Throughout the world, people are making fewer and fewer babies. Fertility rates have fallen dramatically by 50% since 1972, from six children per woman to 2.9. Demographers believe this rate is still decreasing – and faster than ever. While the world’s population will continue to growth (from 6.4 billion today to around 9 billion by 2050), it will enter a period of spectacular decline in the second half of the century. In fact, depopulation – a new phenomenon – is already affecting several countries […].
Contrary to popular belief, his new transition is fueled by developing countries rather than industrialized ones. It is commonly known that demographic trends in Europe have long been characterized by a drop in fertility. To repopulate a society, each woman must give birth to 2.1 children. A 2002 UN demographic report however reveals that fertility rates in Europe are far lower than the replacement rate […]
These figures apply throughout Europe: Bulgaria’s population is expected to decline by 38%, Romania’s by 27% and Estonia’s by 25% […]. Already, the population deficit in Russia increases by 750 000 people a year.
Most surprising is that even the most underdeveloped countries closely follow the same trend. We know that in Japan for example, where the average age is 42.3 years, negative population growth is just around the corner. With a fertility rate of 1.3 children per woman, Japan will likely lose a quarter of its 127 million-strong population in the next 40 years, according to UN agencies. Japan’s aging population is a widely discussed issue, much more so than the identical problem faced by China, where the UN says that fertility rates have gone from 5.8 in 1970 to 1.8 today. […] By 2019 and beyond, China’s population will peak at 1.5 billion before beginning a dramatic fall. By around 2050, China may well have lost 20 to 30% of each generation of its population.
A similar fate awaits the rest of Asia, where fertility rates are in freefall, despite a lack of population control measures and even pro-birth policies. […] Industrialized nations like Singapore, Hong Kong, Taiwan and South Korea all have fertility rates which are below renewal rates. Also affected are countries like Thailand, Burma, Australia, Sri Lanka, Uruguay, Brazil, Cuba and other Caribbean nations. […]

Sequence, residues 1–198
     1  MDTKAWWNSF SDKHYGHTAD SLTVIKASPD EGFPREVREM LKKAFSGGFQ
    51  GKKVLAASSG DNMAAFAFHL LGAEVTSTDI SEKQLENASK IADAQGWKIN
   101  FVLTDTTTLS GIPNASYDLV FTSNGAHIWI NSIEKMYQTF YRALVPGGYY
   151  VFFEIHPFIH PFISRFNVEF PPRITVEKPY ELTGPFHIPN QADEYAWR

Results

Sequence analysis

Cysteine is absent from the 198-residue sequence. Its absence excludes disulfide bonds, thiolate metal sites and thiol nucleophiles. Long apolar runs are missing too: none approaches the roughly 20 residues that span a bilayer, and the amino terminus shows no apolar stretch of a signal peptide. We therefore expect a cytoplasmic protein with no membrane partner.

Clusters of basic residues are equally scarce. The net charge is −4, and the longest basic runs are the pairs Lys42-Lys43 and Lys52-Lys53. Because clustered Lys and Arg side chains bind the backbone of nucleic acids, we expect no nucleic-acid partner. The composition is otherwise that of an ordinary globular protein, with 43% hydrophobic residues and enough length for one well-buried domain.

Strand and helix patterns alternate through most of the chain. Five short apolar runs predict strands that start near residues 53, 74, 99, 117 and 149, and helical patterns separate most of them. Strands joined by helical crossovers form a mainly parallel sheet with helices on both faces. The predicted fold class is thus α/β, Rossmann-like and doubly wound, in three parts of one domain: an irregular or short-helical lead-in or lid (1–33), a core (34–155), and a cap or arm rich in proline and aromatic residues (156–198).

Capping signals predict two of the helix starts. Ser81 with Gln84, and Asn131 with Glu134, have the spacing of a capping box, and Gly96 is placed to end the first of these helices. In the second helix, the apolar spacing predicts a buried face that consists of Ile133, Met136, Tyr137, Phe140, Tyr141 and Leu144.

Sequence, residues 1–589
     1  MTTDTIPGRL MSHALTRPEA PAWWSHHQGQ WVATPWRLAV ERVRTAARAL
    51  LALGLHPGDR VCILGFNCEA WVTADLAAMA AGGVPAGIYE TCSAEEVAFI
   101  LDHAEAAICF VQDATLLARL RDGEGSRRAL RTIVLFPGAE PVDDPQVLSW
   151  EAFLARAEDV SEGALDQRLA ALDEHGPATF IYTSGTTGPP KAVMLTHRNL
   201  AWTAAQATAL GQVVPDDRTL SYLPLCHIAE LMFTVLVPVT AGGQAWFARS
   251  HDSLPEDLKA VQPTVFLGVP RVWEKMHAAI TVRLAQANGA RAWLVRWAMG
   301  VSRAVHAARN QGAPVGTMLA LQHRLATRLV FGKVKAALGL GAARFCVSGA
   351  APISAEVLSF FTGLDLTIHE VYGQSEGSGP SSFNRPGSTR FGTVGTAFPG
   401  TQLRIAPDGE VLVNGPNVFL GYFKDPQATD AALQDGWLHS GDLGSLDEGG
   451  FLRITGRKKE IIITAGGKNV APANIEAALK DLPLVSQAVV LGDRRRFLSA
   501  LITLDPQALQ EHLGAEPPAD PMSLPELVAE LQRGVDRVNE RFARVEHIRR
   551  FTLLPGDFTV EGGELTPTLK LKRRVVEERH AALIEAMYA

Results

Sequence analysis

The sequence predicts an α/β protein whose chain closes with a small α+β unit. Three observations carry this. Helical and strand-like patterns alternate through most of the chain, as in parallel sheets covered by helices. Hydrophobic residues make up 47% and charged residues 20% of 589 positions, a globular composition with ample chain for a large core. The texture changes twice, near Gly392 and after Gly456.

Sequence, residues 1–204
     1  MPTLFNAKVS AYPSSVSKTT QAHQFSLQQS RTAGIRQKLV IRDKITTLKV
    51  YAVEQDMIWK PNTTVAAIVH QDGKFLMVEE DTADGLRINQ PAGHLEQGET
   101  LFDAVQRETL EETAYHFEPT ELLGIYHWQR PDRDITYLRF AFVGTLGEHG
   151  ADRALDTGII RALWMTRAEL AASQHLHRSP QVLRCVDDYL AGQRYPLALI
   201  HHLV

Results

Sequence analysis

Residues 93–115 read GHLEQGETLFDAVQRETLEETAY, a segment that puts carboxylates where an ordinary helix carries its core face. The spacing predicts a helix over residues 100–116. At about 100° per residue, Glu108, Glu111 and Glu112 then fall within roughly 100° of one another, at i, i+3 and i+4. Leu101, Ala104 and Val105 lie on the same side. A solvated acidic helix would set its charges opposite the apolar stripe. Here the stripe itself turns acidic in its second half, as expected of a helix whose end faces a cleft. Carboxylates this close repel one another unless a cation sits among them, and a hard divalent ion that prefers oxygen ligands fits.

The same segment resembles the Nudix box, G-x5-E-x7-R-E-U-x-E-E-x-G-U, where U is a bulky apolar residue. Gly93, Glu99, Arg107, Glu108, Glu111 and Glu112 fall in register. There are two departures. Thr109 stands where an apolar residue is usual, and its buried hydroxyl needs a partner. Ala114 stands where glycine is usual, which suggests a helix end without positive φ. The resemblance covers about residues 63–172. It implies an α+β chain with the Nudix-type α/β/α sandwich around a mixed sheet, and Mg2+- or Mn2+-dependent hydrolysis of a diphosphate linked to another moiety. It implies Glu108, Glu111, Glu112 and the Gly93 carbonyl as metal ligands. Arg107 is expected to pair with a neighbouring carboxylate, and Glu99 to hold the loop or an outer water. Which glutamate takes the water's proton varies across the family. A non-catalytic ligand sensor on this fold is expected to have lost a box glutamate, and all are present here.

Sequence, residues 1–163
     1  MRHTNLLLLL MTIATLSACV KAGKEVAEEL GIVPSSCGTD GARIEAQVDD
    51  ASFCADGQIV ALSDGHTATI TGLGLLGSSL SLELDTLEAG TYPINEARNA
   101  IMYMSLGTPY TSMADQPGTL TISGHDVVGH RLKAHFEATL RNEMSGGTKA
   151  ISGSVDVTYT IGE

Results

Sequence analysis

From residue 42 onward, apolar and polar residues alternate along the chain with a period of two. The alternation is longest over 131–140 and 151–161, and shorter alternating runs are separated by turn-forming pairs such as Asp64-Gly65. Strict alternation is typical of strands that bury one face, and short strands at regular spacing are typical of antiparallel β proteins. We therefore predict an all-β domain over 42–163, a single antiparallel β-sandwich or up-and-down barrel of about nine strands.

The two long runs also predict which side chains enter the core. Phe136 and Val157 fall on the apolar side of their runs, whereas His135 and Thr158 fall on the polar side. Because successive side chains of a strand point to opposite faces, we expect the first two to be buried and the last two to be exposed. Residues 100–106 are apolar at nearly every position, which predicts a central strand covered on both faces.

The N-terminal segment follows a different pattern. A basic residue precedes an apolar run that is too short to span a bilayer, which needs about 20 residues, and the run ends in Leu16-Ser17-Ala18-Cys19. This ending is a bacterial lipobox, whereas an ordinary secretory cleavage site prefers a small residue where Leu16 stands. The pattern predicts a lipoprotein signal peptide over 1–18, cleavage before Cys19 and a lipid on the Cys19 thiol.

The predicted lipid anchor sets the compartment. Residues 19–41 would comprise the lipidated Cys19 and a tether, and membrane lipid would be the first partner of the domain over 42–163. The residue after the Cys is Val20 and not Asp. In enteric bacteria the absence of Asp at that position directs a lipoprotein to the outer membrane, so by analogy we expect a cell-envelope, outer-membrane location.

Notable exceptions do exist though. In European countries like Albania and Kosovo, more and children are being born. High birth rates occur in specific areas of Asia like Mongolia, Pakistan and the Philippines. According to UN estimates, the Middle East, home to 326 million people, is likely to see its population double in the next 20 years. […] The statistics of certain countries remain surprising; Tunisia is one Arab country that has a fertility rate below the renewal rate, while Lebanon and Iran are close to reaching the limit. Stable population growth in this region are explained in large part by a decrease in infant mortality – fertility rates continue to decline here faster than in industrialized countries. As a result, in upcoming decades the Middle East will age more quickly than other regions in the world. In Africa, birth rates remain high despite the Aids epidemic, and population growth will likely continue. […] According to Ben J. Wattenberg, a wide array of previously unlinked factors have converged and resulted in major demographic shake-up. A 2004 UN report underlined the fact that rural migration occurs in nearly all countries, so much so that in 2007, cities were home to more than half the world’s population. A child in the city however becomes more of a financial handicap than an asset. […]
Other factors come into play, like the effects of literacy and female education on lowering fertility rates, in addition to divorce, abortion and the lengthening amount of time people wait before getting married. The use of contraception has also increased considerably in the last 10 years. According to the UN, 62% of women of childbearing age who are married or live with a partner use some form of artificial contraception. Disease is another contributing factor in countries like India, which now has the highest Aids transmission rate in the world. […] Observers have for a long time noted that in Europe and Asia, material wealth also pushes couples to put-off procreating. As Wattenberg said, “Capitalism is the best contraceptive”.
The effects of capitalism could be major. […] Depopulation could have a significant impact on world prosperity. Economic growth and demographics have always been intimately linked, whether it be in terms of real estate or consumer spending. Demographers in Italy are predicting a 40% decline in the working-age population in the next forty years, and the European Commission estimates that growth will decrease proportionately across the whole continent. […]
Demographic change exacerbates a country’s problems, whether they be social or economic. Have social safety nets reached their breaking point? If not, population aging will certainly do the trick. Does immigration create social tension? Differences in fertility rates heighten fears, even though certain countries need to import an increasing amount of labour. This is no doubt the major challenge facing Europe in the future. Do the shortcomings of education systems leave too many young people behind? If so, the problem must be fixed, because smaller working-age populations mean that better productivity and higher flexibility are necessary.